§ 10 and 11. Mr. PIKE
asked the Home Secretary (1) whether he is aware that past subscribers to the Irish Free State Hospital Sweepstakes have been circularised by the promoters to the effect that the Betting and Lotteries Act does not apply to syndicates or clubs; that tickets may be applied for and received up to any number desired; and what action it is intended to take in respect to tickets or counterfoils despatched to syndicates or clubs established in this country pursuant to the provisions of this circular;
(2) whether he has considered the circular letter of which a copy has been sent to him, reference Private S/2, signed by the managing director of the Dublin Hospitals Trust, Limited; and what steps it is proposed to take to prevent persons resident in the Irish Free State from obtaining moneys from persons in this country under conditions representative of a false interpretation of the Betting and Lotteries Act, 1934?
§ Sir J. GILMOUR
I am much obliged to my hon. Friend for sending to me a copy of the circular letter referred to. As I have frequently explained, the use of the post cannot be allowed for the transmission of lottery matter, but it would not be in the public interest to make any detailed statement of the measures taken by the authorities for the purpose of preventing the distribution in this country of tickets in the Irish Hospital Trust sweepstakes.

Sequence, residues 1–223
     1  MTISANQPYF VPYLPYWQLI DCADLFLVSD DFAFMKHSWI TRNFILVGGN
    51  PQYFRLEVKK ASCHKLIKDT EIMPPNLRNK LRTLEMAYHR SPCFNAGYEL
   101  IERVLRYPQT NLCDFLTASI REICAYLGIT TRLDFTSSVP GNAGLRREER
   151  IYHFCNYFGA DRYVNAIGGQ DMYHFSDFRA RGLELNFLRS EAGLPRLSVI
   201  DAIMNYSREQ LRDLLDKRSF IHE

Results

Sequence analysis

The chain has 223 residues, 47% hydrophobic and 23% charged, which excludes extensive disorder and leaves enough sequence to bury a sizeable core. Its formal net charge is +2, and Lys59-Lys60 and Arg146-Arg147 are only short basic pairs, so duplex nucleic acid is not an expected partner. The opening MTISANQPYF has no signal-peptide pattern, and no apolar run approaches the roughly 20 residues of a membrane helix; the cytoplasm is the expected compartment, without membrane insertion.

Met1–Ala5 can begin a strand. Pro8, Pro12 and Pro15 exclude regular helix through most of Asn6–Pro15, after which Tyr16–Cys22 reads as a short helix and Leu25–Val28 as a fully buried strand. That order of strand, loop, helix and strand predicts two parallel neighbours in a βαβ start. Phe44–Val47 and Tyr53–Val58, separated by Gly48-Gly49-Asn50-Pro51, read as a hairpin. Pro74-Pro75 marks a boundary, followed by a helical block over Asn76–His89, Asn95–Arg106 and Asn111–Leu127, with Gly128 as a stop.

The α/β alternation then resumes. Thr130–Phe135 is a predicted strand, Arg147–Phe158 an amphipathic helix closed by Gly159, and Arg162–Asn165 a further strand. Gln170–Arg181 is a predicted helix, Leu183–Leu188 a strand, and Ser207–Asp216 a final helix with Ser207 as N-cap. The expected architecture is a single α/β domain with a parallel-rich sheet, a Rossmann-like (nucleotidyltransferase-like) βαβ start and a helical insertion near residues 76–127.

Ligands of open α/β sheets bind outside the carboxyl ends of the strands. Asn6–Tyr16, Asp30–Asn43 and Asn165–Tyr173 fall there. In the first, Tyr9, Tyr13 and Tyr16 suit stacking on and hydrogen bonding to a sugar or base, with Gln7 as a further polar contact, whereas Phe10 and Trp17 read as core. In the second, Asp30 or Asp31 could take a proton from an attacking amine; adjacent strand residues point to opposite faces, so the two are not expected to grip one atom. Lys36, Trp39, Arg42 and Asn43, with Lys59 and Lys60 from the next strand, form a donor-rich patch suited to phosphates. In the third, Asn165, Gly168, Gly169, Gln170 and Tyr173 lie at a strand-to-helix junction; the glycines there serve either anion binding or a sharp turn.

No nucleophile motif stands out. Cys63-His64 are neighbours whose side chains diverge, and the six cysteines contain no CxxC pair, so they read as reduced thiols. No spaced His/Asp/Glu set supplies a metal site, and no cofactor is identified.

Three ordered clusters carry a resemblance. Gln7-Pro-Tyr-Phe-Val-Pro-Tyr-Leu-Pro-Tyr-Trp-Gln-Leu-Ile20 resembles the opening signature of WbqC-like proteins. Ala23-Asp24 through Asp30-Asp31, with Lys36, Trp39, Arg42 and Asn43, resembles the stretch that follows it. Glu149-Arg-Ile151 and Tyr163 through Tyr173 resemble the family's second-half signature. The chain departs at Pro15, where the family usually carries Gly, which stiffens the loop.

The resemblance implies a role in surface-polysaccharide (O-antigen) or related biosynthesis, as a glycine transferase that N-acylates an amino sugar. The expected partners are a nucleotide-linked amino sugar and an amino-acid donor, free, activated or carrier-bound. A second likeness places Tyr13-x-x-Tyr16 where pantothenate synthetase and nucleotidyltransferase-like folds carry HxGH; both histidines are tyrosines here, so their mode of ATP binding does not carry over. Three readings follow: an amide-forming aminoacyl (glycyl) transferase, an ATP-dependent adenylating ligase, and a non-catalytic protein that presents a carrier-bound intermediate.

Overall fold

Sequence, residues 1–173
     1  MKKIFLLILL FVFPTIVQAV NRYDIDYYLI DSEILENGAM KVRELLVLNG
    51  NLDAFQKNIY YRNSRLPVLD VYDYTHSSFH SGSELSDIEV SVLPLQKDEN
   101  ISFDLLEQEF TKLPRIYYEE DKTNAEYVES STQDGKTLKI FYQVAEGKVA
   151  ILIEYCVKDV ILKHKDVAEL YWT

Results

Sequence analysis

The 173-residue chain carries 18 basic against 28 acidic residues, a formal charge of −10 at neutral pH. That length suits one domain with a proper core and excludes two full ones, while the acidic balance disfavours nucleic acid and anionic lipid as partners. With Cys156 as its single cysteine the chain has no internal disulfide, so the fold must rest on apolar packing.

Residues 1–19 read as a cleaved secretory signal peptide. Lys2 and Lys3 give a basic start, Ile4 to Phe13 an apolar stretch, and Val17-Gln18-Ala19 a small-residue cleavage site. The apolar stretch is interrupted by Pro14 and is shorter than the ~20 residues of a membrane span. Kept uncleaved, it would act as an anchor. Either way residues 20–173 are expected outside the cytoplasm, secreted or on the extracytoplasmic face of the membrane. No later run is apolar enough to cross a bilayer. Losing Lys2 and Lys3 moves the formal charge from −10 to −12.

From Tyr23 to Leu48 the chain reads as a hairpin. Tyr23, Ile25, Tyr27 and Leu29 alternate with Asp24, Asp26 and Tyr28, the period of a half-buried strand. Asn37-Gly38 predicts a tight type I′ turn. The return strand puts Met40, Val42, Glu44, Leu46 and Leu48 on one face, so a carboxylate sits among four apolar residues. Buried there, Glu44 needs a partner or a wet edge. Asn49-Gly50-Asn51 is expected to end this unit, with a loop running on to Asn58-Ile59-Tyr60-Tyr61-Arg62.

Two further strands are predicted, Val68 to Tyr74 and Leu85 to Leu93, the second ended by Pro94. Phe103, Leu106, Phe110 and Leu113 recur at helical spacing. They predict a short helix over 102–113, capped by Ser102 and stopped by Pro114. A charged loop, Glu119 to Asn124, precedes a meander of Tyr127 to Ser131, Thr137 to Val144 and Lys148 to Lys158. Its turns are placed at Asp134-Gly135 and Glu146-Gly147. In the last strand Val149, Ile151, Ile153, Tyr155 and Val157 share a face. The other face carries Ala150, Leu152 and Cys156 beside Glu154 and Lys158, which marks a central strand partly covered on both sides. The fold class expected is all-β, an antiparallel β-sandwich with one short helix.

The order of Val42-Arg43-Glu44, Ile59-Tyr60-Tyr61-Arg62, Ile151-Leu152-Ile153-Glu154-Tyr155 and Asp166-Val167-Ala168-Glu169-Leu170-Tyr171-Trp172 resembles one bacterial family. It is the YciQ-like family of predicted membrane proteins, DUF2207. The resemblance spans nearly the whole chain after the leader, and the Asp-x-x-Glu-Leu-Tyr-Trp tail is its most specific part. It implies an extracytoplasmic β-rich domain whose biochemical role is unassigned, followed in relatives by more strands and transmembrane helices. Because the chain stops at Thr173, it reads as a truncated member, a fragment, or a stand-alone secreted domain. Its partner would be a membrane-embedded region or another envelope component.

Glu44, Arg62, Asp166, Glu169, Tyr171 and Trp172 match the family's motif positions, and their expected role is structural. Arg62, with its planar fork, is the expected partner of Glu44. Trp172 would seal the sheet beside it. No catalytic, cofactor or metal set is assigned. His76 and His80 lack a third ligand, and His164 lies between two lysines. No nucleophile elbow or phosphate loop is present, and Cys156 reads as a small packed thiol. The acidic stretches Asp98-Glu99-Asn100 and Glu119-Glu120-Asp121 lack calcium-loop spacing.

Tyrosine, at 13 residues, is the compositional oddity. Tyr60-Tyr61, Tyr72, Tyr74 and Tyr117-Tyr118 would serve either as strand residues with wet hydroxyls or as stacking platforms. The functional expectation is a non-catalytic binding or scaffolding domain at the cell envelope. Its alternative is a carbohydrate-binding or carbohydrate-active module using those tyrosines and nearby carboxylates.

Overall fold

§ Mr. PIKE
Is the Home Secretary aware that last night in the City of 535 Belfast £25,000 worth of tickets were held up pending instructions from London, and that they were released on the ground that there was no reason and no power whatever to hold them? Can the right hon. Gentleman make a further statement on that matter?
§ Mr. ISAAC FOOT
Could not some step be taken to bring home to the Government authorities in the Irish Free State the desirability of taking steps to prevent infractions of the law in a neighbouring country?
§ Mr. PIKE
May I ask, further, whether, in view of the fact that the circular referred to is a direct incitement to the people of this country to break the law of this country, the Home Secretary will make it more plain to the people of this country that the circular is false, and that they would be well advised not to take any notice of it; for otherwise it is phrased in perfectly legal terms.
§ The POSTMASTER-GENERAL (Sir Kingsley Wood)
Such cheques are returned to the senders. The only powers of confiscation of money are those referred to in Section 30 (3) of the Betting and Lotteries Act, 1934.